What could I possibly tell them? To pull themselves together? To be more determined? They knew how to do those things in the face of trauma, but not, perhaps, in the face of hope.
It suddenly came to me in a flash of inspiration. I had recently spent some time deep in the Ecuadorian Amazon working on a new Animal Ballet (for which I film wildlife, often in remote locales, and then compose music to go along with their movements and personalities). Remembering the astonishing biodiversity, the many unseen levels of life, the rich sense of hidden mysteries, I knew exactly what to say to them.
“Within each of us flows a river. A river of beauty, a river of strength, a river that cannot be compromised by anything external. In this river is every beautiful sight, every exquisite sound, every note ever written. You can always find those things if you look into the river.” I smiled at them. They were rapt.
“Of course there will be times when you get thrown out of the river,” I continued. “You might start to panic, to climb toward the brambles. That is natural. But don’t. You must get back into the river as quickly as you can. Within the river is beauty. Within the river is safety. Always remember the river.”
I knew that this imagery would be called for many times after they returned to their war-stricken nation. It was about so much more than music.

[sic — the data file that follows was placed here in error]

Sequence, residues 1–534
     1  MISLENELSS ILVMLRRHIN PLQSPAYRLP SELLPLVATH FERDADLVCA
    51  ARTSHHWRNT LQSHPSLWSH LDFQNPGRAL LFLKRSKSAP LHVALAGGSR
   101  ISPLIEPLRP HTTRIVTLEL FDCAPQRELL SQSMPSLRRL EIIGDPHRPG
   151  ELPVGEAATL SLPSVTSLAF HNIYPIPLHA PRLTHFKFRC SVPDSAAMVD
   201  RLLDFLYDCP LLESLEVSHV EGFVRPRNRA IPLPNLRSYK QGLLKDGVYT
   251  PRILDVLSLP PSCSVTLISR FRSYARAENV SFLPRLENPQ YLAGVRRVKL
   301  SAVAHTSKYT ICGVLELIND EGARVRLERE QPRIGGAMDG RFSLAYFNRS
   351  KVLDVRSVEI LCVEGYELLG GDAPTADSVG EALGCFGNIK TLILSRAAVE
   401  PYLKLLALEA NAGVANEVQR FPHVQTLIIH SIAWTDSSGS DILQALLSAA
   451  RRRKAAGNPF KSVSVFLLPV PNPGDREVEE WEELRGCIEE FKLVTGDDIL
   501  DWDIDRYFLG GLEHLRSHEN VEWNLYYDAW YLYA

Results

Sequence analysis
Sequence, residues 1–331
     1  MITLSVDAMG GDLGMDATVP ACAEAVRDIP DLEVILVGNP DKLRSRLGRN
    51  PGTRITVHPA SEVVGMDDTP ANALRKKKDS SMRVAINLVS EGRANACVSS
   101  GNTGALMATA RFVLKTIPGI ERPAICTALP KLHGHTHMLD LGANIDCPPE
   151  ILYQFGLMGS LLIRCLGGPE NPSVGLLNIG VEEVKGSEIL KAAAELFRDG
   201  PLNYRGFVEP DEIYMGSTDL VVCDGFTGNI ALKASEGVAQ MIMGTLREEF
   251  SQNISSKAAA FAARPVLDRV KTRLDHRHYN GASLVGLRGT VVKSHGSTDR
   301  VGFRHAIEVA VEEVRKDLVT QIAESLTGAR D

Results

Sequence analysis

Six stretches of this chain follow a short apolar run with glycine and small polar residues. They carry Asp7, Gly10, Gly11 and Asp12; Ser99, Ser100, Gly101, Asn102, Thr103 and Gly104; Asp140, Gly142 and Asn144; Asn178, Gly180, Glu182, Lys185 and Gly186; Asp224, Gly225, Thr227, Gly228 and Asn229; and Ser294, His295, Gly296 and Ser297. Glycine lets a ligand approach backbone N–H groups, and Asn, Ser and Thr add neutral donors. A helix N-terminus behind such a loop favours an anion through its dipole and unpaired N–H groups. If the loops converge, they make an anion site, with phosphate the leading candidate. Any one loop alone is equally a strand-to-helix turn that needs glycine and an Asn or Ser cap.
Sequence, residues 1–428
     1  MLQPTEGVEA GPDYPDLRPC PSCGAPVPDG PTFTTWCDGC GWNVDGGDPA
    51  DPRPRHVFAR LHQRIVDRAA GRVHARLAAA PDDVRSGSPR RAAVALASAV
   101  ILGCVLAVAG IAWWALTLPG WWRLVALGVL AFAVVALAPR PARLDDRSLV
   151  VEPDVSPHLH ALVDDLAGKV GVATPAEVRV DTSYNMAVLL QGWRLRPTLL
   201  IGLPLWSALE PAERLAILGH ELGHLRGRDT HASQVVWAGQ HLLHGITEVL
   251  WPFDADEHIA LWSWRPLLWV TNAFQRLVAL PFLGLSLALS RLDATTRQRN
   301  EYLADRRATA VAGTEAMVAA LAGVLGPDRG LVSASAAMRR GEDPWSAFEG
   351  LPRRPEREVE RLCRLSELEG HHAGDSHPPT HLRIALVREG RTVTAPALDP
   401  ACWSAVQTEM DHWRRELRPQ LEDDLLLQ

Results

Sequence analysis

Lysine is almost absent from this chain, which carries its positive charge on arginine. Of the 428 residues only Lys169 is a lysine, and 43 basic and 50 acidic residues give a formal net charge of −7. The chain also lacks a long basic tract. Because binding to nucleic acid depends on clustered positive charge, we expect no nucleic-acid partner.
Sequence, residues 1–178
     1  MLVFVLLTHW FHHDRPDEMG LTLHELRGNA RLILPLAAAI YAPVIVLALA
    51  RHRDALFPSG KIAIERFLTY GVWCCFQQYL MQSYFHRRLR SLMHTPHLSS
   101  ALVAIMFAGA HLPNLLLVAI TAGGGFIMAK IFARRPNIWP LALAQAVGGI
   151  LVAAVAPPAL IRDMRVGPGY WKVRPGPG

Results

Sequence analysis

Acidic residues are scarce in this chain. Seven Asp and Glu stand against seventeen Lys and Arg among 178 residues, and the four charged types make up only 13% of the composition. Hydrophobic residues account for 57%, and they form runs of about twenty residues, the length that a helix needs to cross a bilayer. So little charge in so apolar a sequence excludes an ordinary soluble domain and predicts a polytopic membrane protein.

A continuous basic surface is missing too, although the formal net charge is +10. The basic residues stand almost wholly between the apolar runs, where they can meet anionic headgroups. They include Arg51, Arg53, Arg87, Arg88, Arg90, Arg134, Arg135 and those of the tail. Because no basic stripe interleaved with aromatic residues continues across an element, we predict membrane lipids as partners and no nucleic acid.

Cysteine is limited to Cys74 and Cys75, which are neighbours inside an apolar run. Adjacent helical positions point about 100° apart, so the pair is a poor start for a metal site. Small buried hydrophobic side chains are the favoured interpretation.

After they returned, each time I would learn on the news about new attacks and atrocities taking place in their vicinity in Syria, I would worry. I would try to reach them, but often communication was impossible. Desperate to help, to offer something encouraging, to act in some way, no matter how small, I typed a message to them on Facebook. It said simply, “Remember the River.”
One by one, as access was restored, they responded.
“The river still flows for us.” “The river is life.” “We will always remember the river.”
Susan McDonald is a concert guitarist and Director of International Programs for Remember the River (the international branch of Fine Arts Foundation, a 501c3 organization), whose mission is to support artists in regions of conflict or isolation through performances, deliveries of musical instruments and art supplies, teacher training and mentorship.